Research Article

Aligned, high-density semiconducting carbon nanotube arrays for high-performance electronics

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Science  22 May 2020:
Vol. 368, Issue 6493, pp. 850-856
DOI: 10.1126/science.aba5980

Aligning dense carbon nanotube arrays

Although semiconducting carbon nanotubes (CNTs) are promising candidates to replace silicon in transistors at extremely small dimensions, their purity, density, and alignment must be improved. Liu et al. combined a multiple dispersion sorting process, which improves purity, and a dimension-limited self-alignment process to produce well-aligned CNT arrays on a 10-centimeter silicon wafer. The density is sufficiently high (100 to 200 CNTs per micrometer) that large-scale integrated circuits could be fabricated. With ionic liquid gating, the performance metrics exceeded those of conventional silicon transistors with similar dimensions.

Science, this issue p. 850


Single-walled carbon nanotubes (CNTs) may enable the fabrication of integrated circuits smaller than 10 nanometers, but this would require scalable production of dense and electronically pure semiconducting nanotube arrays on wafers. We developed a multiple dispersion and sorting process that resulted in extremely high semiconducting purity and a dimension-limited self-alignment (DLSA) procedure for preparing well-aligned CNT arrays (within alignment of 9 degrees) with a tunable density of 100 to 200 CNTs per micrometer on a 10-centimeter silicon wafer. Top-gate field-effect transistors (FETs) fabricated on the CNT array show better performance than that of commercial silicon metal oxide–semiconductor FETs with similar gate length, in particular an on-state current of 1.3 milliamperes per micrometer and a recorded transconductance of 0.9 millisiemens per micrometer for a power supply of 1 volt, while maintaining a low room-temperature subthreshold swing of <90 millivolts per decade using an ionic-liquid gate. Batch-fabricated top-gate five-stage ring oscillators exhibited a highest maximum oscillating frequency of >8 gigahertz.

The development of modern integrated circuits (ICs) has required scaling of field-effect transistors (FETs) to provide increased density, performance, and energy efficiency (1). Ultrathin semiconducting channels with high carrier mobility minimize the short-channel effect in aggressively scaled FETs (such as sub–10 nm technology nodes) (2). Single-walled carbon nanotubes (CNTs) can be 10 times as energy-efficient as conventional complementary metal oxide–semiconductor (CMOS) FETs because electron transport is ballistic, and CNTs have excellent electrostatic properties (25). Furthermore, prototype transistors built on individual CNTs with gate lengths as short as 5 nm outperform Si CMOS transistors in terms of both intrinsic performance and power consumption (5).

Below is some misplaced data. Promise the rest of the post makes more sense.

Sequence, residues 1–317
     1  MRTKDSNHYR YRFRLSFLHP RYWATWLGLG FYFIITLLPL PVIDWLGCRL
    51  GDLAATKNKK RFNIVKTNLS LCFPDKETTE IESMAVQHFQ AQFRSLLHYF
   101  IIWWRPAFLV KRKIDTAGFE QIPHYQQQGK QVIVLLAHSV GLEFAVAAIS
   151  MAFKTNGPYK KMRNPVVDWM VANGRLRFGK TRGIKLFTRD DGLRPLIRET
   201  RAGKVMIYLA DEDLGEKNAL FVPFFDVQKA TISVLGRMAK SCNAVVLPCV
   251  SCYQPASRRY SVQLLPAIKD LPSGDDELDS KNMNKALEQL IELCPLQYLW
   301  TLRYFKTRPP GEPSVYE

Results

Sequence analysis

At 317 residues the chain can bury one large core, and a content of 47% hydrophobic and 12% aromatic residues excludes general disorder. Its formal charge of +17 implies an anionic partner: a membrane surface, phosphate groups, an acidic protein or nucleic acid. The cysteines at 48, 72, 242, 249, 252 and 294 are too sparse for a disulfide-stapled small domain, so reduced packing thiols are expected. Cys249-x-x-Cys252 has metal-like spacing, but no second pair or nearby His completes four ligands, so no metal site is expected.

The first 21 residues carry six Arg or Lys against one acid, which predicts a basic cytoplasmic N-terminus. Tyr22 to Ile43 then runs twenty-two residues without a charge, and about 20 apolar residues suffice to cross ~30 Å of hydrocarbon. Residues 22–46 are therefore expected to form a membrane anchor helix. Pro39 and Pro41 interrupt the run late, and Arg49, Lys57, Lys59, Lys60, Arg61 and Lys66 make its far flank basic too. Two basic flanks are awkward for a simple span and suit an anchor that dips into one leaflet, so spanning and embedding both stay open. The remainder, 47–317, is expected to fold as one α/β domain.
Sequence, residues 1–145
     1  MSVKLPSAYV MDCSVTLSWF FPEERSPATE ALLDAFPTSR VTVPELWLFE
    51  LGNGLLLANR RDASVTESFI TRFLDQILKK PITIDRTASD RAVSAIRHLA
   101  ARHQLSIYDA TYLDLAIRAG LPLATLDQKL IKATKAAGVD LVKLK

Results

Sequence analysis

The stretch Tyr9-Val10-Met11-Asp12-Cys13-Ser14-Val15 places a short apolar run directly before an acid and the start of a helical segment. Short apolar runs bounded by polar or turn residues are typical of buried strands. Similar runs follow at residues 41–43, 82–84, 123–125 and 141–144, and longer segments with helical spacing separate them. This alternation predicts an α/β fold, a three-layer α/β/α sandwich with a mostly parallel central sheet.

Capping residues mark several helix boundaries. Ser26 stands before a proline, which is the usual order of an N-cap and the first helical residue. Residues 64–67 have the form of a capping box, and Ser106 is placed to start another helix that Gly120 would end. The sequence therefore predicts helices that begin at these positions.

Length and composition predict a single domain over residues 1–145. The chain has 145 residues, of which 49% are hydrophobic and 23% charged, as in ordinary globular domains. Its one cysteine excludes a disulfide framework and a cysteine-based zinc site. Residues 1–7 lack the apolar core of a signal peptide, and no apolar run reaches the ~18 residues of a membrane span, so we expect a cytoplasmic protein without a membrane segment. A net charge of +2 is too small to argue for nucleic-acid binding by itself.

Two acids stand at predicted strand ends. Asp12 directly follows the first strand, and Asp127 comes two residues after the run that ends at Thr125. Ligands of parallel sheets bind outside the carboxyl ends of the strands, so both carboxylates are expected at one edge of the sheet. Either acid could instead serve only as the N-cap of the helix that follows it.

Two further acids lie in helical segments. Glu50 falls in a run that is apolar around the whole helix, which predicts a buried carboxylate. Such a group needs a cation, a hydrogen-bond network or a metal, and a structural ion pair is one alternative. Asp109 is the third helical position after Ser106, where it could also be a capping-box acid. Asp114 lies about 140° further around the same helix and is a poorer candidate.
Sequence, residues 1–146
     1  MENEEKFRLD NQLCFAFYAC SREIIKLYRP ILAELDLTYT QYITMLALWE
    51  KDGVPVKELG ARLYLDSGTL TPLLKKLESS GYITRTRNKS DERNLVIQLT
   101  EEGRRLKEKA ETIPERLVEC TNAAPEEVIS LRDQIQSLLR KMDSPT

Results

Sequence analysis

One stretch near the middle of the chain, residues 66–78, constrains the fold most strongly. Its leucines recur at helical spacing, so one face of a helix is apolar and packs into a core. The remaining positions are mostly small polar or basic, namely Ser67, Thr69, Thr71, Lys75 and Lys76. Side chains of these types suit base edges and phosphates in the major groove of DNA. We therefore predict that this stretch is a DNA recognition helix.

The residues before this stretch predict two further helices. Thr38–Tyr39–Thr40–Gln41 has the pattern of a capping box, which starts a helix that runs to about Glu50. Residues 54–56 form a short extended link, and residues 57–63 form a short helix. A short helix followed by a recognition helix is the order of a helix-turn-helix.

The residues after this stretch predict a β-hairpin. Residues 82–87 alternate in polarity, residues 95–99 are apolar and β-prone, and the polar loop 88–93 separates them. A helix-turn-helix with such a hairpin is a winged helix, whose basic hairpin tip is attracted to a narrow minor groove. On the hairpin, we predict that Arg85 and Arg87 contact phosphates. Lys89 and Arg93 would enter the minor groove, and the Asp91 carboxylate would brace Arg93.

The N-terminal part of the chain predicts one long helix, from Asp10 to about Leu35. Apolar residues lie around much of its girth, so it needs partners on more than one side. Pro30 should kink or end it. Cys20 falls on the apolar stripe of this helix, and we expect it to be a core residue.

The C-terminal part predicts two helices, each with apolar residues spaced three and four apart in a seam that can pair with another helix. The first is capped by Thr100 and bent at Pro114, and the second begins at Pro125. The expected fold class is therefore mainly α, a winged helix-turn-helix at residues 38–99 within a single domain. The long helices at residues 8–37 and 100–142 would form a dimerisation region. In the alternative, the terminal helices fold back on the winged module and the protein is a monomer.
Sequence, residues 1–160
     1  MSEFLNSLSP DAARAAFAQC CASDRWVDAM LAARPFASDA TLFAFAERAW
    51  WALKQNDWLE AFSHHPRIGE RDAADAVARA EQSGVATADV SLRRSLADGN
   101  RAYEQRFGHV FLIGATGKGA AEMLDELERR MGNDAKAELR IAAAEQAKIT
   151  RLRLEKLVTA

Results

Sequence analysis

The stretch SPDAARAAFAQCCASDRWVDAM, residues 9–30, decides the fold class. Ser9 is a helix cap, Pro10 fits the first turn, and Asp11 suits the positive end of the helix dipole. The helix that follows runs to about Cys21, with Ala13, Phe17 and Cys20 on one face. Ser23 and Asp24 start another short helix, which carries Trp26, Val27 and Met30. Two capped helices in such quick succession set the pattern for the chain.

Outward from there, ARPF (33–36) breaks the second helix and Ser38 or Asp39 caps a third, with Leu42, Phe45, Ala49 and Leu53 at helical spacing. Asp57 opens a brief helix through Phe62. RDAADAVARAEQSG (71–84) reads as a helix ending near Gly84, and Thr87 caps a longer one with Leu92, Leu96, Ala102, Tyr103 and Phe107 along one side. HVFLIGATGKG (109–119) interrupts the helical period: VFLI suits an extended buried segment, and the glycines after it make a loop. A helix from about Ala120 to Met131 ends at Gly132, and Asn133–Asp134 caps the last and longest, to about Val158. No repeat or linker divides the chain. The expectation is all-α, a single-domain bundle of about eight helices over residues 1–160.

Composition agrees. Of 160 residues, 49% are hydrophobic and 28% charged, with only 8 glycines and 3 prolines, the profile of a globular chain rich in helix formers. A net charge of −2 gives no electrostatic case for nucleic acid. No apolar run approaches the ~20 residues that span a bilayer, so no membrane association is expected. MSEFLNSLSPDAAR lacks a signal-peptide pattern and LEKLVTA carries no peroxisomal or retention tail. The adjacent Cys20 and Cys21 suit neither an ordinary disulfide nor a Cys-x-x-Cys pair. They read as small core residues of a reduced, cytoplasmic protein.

However, CNT FETs with real performance exceeding that of Si CMOS FETs have not been realized at similar technology nodes because CNT materials available for research are still far from ideal for electronics. As a building block for high-performance digital electronics, the extremely scaled CNT FET (with a channel width of several tens of nanometers; Fig. 1A) should contain multiple semiconducting CNTs in the channel to provide sufficient driving ability (26). A high-density aligned semiconducting CNT array is required as the channel material for fabricating large-scale ICs. The ideal material system is well established to be aligned CNT (A-CNT) arrays with a well-defined and consistent 5- to 10-nm pitch (100 to 200 CNTs/μm), a semiconducting purity estimated to be >99.9999%, and a narrow diameter distribution around 1.5 nm (Fig. 1B) (3).